A screenshot from a Pac-Man-style game used as training tool for lazy eye and poor depth perception. (Ohio State University)
A screenshot from a Pac-Man-style game used as a training tool for lazy eye and poor depth perception. (Ohio State University)

In a novel use of video game playing, researchers at Ohio State have found a Pac-Man-like game, when played repetitively, can improve vision in both children and adults who have "lazy eye" or poor depth perception.

In the Pac-Man-style game, players wear red-green 3-D glasses that filter images to the right and left eyes. The lazy or weak eye sees two discs containing vertical, horizontal or diagonal lines superimposed on a background of horizontal lines. The dominant eye sees a screen of only horizontal lines. The player controls the larger, Pac-man-like disc and chases the smaller one. In another game, the player must match discs with rows based on the orientation of their lines.

Ten Leng Ooi, professor of optometry at Ohio State University, presented her research findings at last week's annual meeting of the Society for Neuroscience. Only a handful of test subjects were involved in the experimental training, but all saw weak-eye improvement to 20/20 vision or better and for a period of at least eight months.

Lazy eye, or amblyopia, affects between 2 and 3 percent of the U.S. population. The disorder usually occurs in infancy when the neural pathway between the brain and one eye (or sometimes both) fails to fully develop. Often the cause of lazy eye is strabismus, in which the eyes are misaligned or "crossed." To prevent double vision, the brain simply blocks the fuzzy images from one eye, thereby causing incomplete visual development. The result: lazy eye.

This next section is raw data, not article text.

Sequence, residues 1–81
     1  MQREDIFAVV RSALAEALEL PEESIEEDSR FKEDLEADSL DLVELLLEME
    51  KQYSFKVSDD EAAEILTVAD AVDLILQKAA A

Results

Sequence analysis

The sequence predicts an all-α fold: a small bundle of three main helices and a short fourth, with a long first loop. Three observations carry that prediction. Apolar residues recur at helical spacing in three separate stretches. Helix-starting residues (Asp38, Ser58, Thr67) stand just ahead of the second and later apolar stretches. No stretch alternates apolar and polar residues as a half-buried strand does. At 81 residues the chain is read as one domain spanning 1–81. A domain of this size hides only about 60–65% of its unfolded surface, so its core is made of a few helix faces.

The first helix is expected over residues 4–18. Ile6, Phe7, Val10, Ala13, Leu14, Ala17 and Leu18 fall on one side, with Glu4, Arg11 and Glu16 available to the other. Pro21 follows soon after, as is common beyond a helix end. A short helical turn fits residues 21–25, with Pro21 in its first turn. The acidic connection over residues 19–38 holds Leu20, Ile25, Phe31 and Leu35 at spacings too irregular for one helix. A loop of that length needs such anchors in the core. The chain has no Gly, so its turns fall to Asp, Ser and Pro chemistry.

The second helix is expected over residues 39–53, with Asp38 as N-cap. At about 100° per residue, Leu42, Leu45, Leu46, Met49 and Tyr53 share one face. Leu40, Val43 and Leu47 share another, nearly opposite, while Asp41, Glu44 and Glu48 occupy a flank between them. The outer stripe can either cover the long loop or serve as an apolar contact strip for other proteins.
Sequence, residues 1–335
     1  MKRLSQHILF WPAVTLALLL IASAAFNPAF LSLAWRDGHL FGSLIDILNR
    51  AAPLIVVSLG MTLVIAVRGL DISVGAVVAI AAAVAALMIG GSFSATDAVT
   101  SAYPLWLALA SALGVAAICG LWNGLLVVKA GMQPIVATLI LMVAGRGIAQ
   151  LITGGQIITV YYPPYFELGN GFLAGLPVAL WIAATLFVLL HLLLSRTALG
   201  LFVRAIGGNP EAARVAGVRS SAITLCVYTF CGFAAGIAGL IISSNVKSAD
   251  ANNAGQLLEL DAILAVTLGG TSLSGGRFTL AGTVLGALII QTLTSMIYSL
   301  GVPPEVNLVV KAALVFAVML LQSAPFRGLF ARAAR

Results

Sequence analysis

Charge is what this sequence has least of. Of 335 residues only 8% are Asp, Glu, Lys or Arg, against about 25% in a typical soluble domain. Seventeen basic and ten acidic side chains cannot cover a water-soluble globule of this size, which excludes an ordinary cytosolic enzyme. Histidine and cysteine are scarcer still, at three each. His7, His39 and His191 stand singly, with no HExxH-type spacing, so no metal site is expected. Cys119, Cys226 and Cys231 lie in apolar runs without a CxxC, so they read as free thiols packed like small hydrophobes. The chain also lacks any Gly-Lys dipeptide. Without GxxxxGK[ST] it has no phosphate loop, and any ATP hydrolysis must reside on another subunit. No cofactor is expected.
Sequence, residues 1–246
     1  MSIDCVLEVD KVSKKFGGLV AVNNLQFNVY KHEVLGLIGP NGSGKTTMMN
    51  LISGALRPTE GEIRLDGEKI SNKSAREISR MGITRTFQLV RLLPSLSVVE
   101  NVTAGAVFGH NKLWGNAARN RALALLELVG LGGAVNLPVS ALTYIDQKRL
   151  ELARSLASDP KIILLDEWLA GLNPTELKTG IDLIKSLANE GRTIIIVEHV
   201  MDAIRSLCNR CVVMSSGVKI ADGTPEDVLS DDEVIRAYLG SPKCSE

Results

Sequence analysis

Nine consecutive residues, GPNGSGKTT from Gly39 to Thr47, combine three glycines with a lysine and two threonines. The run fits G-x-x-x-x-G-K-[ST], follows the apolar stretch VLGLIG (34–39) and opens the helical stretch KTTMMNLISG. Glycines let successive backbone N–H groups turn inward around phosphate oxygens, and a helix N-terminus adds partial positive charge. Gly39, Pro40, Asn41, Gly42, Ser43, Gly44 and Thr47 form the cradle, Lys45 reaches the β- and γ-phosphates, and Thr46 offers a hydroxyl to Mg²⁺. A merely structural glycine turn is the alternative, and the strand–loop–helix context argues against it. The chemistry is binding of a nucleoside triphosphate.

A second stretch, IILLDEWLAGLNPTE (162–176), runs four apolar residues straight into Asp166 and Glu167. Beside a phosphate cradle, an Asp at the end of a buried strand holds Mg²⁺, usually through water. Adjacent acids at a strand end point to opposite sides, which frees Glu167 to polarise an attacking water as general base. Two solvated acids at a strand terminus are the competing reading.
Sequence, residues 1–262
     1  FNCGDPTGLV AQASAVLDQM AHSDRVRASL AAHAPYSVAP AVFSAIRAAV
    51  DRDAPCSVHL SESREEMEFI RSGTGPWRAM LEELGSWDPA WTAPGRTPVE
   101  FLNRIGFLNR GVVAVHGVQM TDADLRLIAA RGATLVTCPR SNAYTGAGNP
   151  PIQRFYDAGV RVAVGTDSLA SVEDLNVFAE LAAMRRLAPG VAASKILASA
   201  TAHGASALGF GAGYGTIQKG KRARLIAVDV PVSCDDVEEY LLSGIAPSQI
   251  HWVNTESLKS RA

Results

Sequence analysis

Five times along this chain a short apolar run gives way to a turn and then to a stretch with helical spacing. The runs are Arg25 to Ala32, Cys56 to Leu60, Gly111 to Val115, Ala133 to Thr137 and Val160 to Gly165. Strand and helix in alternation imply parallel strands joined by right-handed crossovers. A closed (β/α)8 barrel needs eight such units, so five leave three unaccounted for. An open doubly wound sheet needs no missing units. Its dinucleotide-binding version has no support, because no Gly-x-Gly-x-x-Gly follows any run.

Most often the treatment in childhood for lazy eye is the use of an eye-patch over the dominant eye in order to try and strengthen the weaker one. But the researchers at Ohio State say a "push-pull" method, in which both eyes are encouraged to interact, is better. Instead of entirely disengaging the dominant eye, as with an eye patch, the normal eye's activity is only suppressed.

"We make sure the weak eye is seeing the contrasting images at all times," Ooi said at the meeting. "The strong eye has stimulation, but it is cortically suppressed. That is pull. The weak eye is pushed to work. And even if an eye is not stable, wherever your eyes are sharing vision, the corresponding retinal points are being stimulated. We think that makes our game design highly effective."

The games were played on laptops and lasted only a few minutes for each session. Researchers were able to add complexity to the games as participants became more familiar with them.

Pac-Man is widely considered to be a landmark in the history of video games, appearing in arcades in the early 1980s. It remains one of the highest-grossing video games of all time and is part of the Smithsonian's collection in Washington, D.C., as well as the Museum of Modern Art in New York City.